Movie producer has advice for SDSU students

Movie producer has advice for SDSU students

by David Dixon

Three-time National Student Emmy Award winner Ron Najor, a down-to-earth, yet highly intelligent, San Diego State alumnus, produced Destin Daniel Cretton’s features  “Short Term 12” and “I Am Not a Hipster,” the latter being available on Netflix Instant. He is now teaching a six-part lecture series about what SDSU’s film program students should be knowledgeable about in order to work in independent movies.

The Aztec: Tell the readers a little about yourself and your experiences at SDSU.
Ron Najor:
I went to undergraduate and graduate school at SDSU. I grew up in San Diego and went to junior college first. I then transferred to the University of California, San Diego, as a literature major, and I just didn’t like it. I then went back to junior college and continued my education at SDSU.

I started in psych and once I found out about the film program, I entered it. I actually double majored in psychology and film and came back here to get my master’s. People did discourage me, because normally, you’re not supposed to get your master’s the same place you got your undergrad degree. However, I really liked SDSU, the professors, the environment and the people on campus. I ended up making a bunch of short films. All in all, it was a positive and great experience being at (San Diego) State.
What have you been up to since you graduated?
I graduated with a master’s in 2002. I started working in Los Angeles as a production assistant for many years. About a year or two after graduation, I was actually asked to come to SDSU to teach part-time. I taught an “Introductory to 16mm Film Production” class for three years. Since it was one day a week, I was able to travel back and forth between LA and San Diego. That experience was great because seeing students so excited about the material helped motivate me to keep going with my career.

TA: Can you share some information about the lecture series you are a part of?

RN: It’s kind of a new thing that Professor Greg Durbin and D.J. Hopkins, the Interim Director of the School of Theatre, Television and Film, wanted to try. They looked into new programs for the students and they asked me if I wanted to do a few lectures. We started talking and designed a six-part lecture series. This is the first time we are doing this.

The lecture is basically everything that I wished people would talk about in the last couple years of film school. I’m teaching them about things I learned over the years and outlining for them how to get jobs, the importance of short films, how to utilize their short films, etc. It’s an insider’s look into independent filmmaking.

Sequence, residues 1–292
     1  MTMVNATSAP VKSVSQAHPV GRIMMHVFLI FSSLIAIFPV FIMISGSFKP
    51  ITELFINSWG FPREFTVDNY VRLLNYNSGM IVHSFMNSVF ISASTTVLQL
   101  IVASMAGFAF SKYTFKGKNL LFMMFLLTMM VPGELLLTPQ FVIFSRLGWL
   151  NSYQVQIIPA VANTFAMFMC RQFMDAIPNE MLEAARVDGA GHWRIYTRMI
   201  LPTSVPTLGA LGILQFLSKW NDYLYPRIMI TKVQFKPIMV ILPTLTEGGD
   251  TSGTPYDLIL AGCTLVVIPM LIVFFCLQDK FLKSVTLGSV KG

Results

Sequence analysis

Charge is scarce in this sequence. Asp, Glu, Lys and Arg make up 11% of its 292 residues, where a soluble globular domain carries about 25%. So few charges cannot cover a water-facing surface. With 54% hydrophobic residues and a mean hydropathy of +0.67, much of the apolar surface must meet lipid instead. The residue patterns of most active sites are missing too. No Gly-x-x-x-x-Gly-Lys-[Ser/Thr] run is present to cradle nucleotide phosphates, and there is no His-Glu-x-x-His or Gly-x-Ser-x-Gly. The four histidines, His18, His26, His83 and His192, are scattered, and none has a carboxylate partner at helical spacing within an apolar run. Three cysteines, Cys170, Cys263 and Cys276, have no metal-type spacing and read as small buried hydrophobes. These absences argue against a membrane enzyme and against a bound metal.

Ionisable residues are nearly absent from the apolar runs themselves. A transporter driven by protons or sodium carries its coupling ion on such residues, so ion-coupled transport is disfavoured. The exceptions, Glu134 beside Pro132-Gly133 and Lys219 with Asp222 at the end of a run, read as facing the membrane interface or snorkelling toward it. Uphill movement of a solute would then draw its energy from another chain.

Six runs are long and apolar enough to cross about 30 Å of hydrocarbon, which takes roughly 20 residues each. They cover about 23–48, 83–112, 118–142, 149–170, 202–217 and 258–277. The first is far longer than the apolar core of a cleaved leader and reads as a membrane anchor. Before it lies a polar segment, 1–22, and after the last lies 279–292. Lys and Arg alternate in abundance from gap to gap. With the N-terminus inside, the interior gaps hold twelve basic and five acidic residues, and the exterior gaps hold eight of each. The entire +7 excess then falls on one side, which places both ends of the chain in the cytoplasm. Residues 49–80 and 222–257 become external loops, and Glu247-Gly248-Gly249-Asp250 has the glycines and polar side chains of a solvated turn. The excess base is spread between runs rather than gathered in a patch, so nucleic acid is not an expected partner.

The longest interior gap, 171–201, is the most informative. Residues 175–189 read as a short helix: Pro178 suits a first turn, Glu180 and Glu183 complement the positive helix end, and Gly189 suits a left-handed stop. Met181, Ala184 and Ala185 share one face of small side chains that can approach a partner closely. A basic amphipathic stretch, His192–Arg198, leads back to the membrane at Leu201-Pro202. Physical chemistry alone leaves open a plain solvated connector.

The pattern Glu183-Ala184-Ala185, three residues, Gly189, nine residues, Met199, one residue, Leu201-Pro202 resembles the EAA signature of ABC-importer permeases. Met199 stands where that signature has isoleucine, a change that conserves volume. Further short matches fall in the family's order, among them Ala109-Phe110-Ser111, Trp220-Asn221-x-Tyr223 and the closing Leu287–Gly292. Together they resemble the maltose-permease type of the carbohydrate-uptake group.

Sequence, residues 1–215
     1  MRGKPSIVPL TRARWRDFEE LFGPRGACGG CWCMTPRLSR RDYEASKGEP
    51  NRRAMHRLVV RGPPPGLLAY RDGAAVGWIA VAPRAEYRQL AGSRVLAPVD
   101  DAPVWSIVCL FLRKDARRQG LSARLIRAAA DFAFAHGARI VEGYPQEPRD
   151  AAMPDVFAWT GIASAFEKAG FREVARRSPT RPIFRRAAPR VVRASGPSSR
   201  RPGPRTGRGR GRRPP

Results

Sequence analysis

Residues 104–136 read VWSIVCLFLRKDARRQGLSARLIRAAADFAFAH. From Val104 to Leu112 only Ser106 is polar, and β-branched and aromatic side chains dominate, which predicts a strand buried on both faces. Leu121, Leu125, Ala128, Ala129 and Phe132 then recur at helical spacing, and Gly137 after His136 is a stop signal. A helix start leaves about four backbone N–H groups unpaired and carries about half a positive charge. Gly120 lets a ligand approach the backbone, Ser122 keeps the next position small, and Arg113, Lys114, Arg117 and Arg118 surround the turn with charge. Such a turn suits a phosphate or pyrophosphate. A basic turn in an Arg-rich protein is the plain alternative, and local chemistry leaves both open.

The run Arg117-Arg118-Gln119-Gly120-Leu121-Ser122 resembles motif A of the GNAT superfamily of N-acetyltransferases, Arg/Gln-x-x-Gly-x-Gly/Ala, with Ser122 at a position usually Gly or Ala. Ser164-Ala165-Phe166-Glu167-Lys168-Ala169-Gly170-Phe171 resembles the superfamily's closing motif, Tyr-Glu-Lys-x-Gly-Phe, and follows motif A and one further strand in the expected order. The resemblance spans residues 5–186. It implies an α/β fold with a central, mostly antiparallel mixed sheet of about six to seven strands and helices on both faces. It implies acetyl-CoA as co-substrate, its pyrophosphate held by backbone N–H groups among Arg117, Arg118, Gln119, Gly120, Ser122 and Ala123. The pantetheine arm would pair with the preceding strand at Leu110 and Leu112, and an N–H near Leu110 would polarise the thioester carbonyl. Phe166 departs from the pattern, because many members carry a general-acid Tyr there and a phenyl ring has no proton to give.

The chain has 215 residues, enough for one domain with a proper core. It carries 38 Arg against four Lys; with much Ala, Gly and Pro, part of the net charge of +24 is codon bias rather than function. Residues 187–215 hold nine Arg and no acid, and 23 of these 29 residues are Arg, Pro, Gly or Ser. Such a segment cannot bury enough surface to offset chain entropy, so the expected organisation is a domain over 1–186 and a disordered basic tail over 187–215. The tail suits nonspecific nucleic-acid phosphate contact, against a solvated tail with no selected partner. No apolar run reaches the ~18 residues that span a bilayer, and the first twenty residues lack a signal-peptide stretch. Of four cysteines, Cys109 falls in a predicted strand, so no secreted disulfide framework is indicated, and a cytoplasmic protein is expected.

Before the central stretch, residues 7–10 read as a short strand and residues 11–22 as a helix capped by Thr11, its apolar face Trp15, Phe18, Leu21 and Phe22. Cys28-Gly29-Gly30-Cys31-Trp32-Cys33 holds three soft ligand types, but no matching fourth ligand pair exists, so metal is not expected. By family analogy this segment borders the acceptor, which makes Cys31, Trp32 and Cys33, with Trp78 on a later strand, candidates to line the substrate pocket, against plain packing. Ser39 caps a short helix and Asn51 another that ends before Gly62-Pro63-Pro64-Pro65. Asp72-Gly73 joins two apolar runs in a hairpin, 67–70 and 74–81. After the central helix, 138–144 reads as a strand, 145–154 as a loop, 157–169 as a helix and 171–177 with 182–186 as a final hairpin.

DA: What inspired you to become a producer?
RN: I initially did not intend to be a producer. I got into film school and was editing, directing and producing. I did a little bit of everything and I still do that in LA. I will camera operate on shoots. I will do a little bit of editing here and there. The thing that I always seem to fall back on, and was sought after for the most, is producing.

DA: How did you meet frequent collaborator, Destin Daniel Cretton?

RN: Cretton went to film school after I went to school. We would run into each other when I was teaching and at various functions and events. We started to work together because of similar interests and we always wanted to work together, but I was doing camera operating and was directing and producing behind-the-scenes documentaries. Destin (Cretton) decided to edit one of them, and I thought it was one of the best behind the scenes I had ever seen put together. We then started to work together pretty much from that point on.

DA: Do you have to live in LA to make films in general?
RN: Not really. There is a great community in Austin, Texas making independent films and there are great groups in Seattle and New York. The major filmmakers who are working consistently are usually based in LA. The more established filmmakers are in LA and New York. In terms of independent film, you can be anywhere. However, if your goal is to work in the Hollywood system on more major motion pictures or television shows, you do need to need to gravitate more toward LA.

DA: Have you had any lucky breaks or have your accomplishments come because of hard work, or a combination of both?
It’s always a combination of so many different factors that come into play. There’s also times where you’re working really hard and nothing happens and then something comes down the road, which will be easier success. It usually has a lot to do with the stuff you did early on building that momentum.

DA: What is the most important advice you can give to film students?
RN: Try to figure out what you would like to do in the filmmaking world. Dedicate all your time to perfecting and doing that. An example would be if someone wanted to be a filmmaker, they should make 10 short films, because that’s how they’re going to be judged.

A sound designer should work on as many projects as they can. The sooner a person does that, the sooner they can be recognized for their talent.

Also read: Come on down to Belly Up Tavern

Photo by Monica Linzmeier, Photo Editor